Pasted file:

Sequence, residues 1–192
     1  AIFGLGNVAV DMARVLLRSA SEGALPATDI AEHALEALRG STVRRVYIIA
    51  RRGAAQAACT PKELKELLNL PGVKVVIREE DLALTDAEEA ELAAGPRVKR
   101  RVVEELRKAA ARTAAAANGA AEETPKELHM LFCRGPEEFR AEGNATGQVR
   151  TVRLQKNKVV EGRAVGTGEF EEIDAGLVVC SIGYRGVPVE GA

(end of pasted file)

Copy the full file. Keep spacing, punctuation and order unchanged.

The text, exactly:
Sequence, residues 1–192
     1  AIFGLGNVAV DMARVLLRSA SEGALPATDI AEHALEALRG STVRRVYIIA
    51  RRGAAQAACT PKELKELLNL PGVKVVIREE DLALTDAEEA ELAAGPRVKR
   101  RVVEELRKAA ARTAAAANGA AEETPKELHM LFCRGPEEFR AEGNATGQVR
   151  TVRLQKNKVV EGRAVGTGEF EEIDAGLVVC SIGYRGVPVE GA